Spring 2017: Featured Films!

We are pleased to announce the featured Feature Film and Short Film that will be screened throughout the festival and at various venues:

RHYMES FOR YOUNG GHOULS
Directed by Jeff Barnaby
Rated R – Adult audiencs
“Eye-catching feature about a teenage. Aboriginal. Revenge-seeking drug-dealer

Red Crow Mi’g Maq reservation, 1976: By government decree, every Indian child under the age of 16 must attend residential school. In the kingdom of the Crow, that meansimprisonment at St. Dymphna’s. That means being at the mercy of “Popper”, the sadistic Indian agent who runs the school.

At 15, Aila is the weed princess of Red Crow. Hustling with her uncle Burner, she sells enough dope to pay Popper her “truancy tax”, keeping her out of St.Ds. But when Aila’s drug money is stolen and her father Joseph returns from prison, the precarious balance of Aila’s world is destroyed.

Her only options are to run or fight… and Mi’gMaq don’t run.”
(1 hour, 28 minutes)

JANE & THE WOLF
Directed by Nadine Arpin
(FEATURED SHORT FILM)”Jane & the Wolf is a hybrid documentary that incorporates cinéma vérité, archival photographs and animation. In the 1960s, Pagwa River was a booming railroad town populated by 2nd generation Crees. During one cold winter, the community was being stalked by a lone wolf. Every attempt to kill the wolf failed. Jane recognized the wolf as a spirit sign from the ancestors. Ridiculed for her beliefs, Jane set out alone to killing the wolf using the old ways.

Narrated by Jane’s Great Granddaughter Rachel Garrick, Jane’s story is interwoven with Rachel’s own journey to bring her mother Minnie Garrick to her final resting place. Minnie was a story teller, a surviver, and a woman who reclaimed her life despite many personal challenges. Minnie had passed on the story of Jane to Rachel at a time in her life when Rachel most needed to hear about the strength that is inherent in their family.”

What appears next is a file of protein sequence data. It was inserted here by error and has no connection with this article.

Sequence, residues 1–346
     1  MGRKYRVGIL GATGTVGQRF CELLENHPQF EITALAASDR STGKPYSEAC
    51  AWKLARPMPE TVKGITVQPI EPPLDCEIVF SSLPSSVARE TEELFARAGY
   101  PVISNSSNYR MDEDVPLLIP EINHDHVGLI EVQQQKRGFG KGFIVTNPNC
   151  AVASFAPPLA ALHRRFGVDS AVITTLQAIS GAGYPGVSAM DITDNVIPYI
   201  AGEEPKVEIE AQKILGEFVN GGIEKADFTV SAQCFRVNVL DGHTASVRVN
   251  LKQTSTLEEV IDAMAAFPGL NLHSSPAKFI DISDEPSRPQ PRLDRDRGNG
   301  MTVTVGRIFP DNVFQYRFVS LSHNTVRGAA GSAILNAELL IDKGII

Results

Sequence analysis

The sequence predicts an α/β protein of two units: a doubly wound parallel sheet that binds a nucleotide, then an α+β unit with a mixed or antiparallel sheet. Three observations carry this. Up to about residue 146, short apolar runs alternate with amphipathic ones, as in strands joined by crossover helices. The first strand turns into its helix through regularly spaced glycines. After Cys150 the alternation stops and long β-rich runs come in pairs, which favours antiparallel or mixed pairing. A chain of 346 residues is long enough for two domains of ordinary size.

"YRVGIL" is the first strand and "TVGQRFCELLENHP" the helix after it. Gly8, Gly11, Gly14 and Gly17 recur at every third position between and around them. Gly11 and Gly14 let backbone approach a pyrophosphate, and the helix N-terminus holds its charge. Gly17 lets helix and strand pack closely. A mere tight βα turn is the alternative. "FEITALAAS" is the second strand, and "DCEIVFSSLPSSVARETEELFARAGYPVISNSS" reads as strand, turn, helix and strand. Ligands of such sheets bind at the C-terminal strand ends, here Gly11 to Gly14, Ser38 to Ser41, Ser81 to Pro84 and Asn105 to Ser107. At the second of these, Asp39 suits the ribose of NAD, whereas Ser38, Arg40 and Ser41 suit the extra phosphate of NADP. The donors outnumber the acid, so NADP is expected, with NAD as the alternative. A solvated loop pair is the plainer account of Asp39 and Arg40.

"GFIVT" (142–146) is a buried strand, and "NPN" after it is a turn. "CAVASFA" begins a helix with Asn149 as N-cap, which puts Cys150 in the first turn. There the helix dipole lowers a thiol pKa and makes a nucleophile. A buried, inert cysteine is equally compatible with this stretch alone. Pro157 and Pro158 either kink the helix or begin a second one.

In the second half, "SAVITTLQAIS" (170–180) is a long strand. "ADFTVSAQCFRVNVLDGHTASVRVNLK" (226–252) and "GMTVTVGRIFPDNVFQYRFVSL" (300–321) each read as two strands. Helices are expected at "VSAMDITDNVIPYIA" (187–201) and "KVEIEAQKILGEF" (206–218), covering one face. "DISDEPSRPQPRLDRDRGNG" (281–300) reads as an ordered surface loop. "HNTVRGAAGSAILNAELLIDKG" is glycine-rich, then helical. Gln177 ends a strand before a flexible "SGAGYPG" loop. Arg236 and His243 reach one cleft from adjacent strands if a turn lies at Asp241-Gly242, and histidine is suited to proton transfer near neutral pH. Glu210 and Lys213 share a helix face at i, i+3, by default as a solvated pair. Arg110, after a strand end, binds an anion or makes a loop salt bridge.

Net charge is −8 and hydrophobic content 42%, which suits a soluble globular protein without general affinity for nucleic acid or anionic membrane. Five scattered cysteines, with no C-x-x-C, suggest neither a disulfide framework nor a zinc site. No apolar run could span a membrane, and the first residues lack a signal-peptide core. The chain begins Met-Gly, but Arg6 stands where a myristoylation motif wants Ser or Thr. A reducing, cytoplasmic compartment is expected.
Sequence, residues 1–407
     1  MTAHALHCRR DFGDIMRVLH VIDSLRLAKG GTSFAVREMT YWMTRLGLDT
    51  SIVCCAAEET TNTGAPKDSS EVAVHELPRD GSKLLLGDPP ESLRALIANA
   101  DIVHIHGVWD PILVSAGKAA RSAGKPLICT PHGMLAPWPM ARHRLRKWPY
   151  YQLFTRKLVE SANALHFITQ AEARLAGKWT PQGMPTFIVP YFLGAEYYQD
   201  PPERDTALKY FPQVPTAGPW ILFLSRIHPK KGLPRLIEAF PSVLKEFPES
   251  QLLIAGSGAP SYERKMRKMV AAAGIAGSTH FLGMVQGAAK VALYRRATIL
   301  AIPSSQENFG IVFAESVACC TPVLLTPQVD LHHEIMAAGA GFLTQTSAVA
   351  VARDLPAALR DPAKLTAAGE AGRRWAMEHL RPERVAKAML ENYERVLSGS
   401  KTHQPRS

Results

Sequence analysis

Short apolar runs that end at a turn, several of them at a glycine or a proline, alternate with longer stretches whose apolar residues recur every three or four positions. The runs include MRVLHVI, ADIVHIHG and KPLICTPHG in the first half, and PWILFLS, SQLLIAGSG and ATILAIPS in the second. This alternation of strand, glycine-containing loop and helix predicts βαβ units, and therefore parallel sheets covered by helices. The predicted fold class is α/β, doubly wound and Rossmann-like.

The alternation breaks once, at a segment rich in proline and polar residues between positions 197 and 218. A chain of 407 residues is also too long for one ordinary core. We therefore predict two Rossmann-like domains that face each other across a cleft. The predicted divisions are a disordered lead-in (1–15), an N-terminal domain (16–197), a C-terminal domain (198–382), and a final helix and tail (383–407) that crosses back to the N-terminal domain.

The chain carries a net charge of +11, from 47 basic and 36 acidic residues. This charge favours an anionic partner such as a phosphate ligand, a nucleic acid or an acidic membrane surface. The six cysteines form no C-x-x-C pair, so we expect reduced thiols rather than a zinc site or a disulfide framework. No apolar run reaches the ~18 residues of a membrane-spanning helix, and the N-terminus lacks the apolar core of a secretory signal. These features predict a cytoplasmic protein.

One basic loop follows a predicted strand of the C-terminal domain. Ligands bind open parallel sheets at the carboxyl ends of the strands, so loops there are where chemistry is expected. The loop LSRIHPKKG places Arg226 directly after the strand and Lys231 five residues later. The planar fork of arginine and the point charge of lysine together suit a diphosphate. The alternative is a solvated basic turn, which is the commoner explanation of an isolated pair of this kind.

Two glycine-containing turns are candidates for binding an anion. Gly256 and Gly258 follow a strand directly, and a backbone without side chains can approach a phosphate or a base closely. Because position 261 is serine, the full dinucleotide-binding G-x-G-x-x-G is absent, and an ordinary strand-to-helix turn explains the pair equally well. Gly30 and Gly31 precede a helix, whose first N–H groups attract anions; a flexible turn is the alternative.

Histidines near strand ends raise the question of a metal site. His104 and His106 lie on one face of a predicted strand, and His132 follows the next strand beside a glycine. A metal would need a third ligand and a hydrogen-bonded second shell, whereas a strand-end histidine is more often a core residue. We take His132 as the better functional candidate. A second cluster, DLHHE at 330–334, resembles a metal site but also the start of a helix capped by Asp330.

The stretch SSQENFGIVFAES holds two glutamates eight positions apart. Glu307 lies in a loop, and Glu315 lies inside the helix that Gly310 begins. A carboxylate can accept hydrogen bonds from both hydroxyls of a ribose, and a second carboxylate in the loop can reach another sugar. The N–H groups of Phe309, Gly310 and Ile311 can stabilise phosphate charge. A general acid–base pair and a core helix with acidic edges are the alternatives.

(9 minutes, 45 seconds)

Stay tuned for Festival Venue Program information coming soon!

EW3

Announcing the Spring 2017 Short Films!

FNFVF SHORT FILMS PROGRAM

Jane & the Wolf (9:45) FEATURED SHORT FILM!
Jane & the Wolf is a hybrid documentary that incorporates cinéma vérité, archival photographs and animation. In the 1960s, Pagwa River was a booming railroad town populated by 2nd generation Crees. During one cold winter, the community was being stalked by a lone wolf. Every attempt to kill the wolf failed. Jane recognized the wolf as a spirit sign from the ancestors. Ridiculed for her beliefs, Jane set out alone to killing the wolf using the old ways.

Narrated by Jane’s Great Granddaughter Rachel Garrick, Jane’s story is interwoven with Rachel’s own journey to bring her mother Minnie Garrick to her final resting place. Minnie was a story teller, a surviver, and a woman who reclaimed her life despite many personal challenges. Minnie had passed on the story of Jane to Rachel at a time in her life when Rachel most needed to hear about the strength that is inherent in their family.
Director: Nadine Arpin (Métis)

Water is Life (4:37)
An animated film that talks about the issue of the Standing Rock Sioux Nation and their struggle to survive as they try to protect the water source into their small nation. Narrated by The Standing Rock Chairman.
Director: Joseph Erb (Cherokee Nation)

Mi Familia 2: Class Order Family Tribe (26:04)